I once bought a second round of pale colored tourmaline from Afghanistan for business reasons that did not pan out. I cut most of the first batch into included rounds that I have presented and written about a number of times. I returned most of the second lot, but I did keep the piece of rough that became this posted stone. It was the only piece of tourmaline that had not broken apart at the junction between the faintly colored blue side and the faintly colored pink side of the original bicolors. The piece of tourmaline I kept stood out like a sore thumb, because it was by far the palest piece and was completely pure.
Something different can drive me to take risks with tourmaline. That is true, but rather an understatement at times. What odds would you give me that this very pale bicolor will stay together when all the other crystals in the lots fell apart? And the pieces that would be formed by the breaking of the bicolor piece would be in essence colorless and of little value. This was not for the faint of heart, but I forged ahead even after I had already spent more money on the lots of included rough than I wanted to.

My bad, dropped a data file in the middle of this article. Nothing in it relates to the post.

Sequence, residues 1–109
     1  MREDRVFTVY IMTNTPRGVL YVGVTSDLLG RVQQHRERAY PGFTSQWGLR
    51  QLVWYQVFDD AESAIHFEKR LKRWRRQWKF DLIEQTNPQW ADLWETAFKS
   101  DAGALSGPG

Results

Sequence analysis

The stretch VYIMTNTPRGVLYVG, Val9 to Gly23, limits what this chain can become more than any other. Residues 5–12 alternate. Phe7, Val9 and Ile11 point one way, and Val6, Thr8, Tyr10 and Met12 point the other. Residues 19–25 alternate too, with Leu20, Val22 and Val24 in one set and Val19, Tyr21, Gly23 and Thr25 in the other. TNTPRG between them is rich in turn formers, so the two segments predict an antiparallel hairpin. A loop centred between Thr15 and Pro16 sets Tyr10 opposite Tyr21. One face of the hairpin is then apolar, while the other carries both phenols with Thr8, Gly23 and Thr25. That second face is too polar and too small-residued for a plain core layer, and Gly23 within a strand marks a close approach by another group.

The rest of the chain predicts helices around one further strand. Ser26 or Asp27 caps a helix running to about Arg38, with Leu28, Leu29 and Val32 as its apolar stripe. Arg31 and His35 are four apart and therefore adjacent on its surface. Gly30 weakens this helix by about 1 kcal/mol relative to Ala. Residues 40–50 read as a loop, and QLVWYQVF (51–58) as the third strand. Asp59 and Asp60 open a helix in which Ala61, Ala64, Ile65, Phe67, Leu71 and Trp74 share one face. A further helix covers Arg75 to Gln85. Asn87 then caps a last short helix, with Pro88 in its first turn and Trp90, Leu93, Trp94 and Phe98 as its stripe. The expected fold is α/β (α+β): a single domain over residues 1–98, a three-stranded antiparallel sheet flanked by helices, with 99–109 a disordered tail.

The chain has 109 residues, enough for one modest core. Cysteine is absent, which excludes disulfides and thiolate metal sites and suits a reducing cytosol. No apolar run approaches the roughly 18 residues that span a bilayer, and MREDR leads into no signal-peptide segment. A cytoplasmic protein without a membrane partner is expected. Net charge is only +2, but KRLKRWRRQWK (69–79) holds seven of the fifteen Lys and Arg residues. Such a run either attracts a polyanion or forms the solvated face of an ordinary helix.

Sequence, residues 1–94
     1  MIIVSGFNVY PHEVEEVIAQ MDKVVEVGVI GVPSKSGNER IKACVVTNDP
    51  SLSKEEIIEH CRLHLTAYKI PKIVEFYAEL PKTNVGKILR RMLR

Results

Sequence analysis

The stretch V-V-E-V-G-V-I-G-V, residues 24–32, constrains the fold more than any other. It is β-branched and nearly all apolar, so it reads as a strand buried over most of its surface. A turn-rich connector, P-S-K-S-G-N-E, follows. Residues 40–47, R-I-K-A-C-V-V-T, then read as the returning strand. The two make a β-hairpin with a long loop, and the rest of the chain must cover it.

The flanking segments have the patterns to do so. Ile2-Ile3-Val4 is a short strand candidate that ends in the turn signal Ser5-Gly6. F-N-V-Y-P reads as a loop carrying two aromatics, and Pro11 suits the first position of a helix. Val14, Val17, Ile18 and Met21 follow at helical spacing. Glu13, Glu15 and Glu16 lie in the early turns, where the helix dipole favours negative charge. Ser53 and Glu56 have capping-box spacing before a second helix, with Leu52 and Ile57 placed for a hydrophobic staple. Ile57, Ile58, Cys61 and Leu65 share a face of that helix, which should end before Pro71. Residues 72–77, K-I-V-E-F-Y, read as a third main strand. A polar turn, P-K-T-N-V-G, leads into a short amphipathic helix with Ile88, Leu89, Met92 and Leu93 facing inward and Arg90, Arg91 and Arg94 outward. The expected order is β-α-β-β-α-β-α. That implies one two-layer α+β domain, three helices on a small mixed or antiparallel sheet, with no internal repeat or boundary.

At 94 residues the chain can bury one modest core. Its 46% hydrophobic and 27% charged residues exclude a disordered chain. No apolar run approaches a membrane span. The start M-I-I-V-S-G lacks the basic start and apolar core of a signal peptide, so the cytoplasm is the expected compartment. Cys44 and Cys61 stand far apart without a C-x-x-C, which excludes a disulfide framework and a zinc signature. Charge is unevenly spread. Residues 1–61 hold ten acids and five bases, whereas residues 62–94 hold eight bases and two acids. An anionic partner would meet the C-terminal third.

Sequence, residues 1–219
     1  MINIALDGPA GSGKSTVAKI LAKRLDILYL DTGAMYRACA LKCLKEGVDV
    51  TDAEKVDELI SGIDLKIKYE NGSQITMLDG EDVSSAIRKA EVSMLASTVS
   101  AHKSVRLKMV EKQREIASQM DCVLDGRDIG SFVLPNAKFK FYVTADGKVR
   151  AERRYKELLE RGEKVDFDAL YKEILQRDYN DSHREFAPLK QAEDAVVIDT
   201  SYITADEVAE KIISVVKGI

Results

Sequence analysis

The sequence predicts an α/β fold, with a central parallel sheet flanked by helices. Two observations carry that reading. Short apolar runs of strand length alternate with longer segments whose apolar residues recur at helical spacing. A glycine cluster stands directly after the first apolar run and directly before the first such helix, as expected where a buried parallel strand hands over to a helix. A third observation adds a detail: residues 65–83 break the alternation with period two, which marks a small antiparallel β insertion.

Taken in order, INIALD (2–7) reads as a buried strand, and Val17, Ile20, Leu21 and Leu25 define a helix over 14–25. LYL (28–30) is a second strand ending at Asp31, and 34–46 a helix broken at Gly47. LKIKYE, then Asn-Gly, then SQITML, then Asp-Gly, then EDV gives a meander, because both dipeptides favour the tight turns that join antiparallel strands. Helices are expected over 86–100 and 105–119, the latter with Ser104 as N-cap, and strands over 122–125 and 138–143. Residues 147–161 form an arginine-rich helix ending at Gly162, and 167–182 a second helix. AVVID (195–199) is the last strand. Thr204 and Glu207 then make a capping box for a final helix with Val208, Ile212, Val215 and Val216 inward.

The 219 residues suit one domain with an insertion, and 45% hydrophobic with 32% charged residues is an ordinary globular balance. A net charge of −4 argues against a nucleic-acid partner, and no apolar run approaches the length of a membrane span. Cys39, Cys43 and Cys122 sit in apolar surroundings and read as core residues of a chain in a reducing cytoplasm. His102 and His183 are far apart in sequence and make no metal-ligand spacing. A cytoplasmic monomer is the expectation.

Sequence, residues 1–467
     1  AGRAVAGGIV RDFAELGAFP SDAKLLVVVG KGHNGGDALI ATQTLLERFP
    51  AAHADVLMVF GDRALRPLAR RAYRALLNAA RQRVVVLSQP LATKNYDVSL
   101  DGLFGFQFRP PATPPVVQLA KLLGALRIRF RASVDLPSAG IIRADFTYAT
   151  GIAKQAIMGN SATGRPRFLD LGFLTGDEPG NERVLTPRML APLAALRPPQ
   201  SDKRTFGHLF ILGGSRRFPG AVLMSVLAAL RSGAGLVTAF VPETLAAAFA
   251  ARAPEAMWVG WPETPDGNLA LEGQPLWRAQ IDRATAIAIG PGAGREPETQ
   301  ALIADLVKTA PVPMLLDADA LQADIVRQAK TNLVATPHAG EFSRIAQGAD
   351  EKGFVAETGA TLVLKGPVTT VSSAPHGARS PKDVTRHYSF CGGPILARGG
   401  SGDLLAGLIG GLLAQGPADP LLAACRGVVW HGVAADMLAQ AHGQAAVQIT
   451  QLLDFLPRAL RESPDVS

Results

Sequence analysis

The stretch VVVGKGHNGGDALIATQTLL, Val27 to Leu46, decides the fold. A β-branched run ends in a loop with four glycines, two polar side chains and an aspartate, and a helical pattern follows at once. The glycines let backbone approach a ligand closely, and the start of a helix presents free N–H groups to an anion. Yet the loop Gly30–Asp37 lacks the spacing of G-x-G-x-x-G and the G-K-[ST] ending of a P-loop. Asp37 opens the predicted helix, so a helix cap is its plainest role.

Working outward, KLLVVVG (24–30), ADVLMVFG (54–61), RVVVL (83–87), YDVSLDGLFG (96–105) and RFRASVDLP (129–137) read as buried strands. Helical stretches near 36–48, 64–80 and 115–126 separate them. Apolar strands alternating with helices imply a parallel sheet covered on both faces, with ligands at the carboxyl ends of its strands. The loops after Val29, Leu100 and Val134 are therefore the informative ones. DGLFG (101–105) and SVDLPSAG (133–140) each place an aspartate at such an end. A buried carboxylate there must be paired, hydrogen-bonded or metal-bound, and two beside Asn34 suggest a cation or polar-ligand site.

Since you’ve seen the picture at the top of the page and probably figured out that there would be no post with a successful ending. I break the news the IceT bicolor was born without any problems. It cut and polished into a supremely bright gem that is about two thirds faint pink and one third faint blue. I have nothing in the collect that has such a low tone level without my declaration that it is an Achroite (colorless tourmaline).
The finished emerald cut weighs 2.34 carats. It stayed completely pure and its crystal is exceptional. It is all that I could have ask from the rough, so my gamble paid off. To put this context, outside of tourmaline I am not a gambler.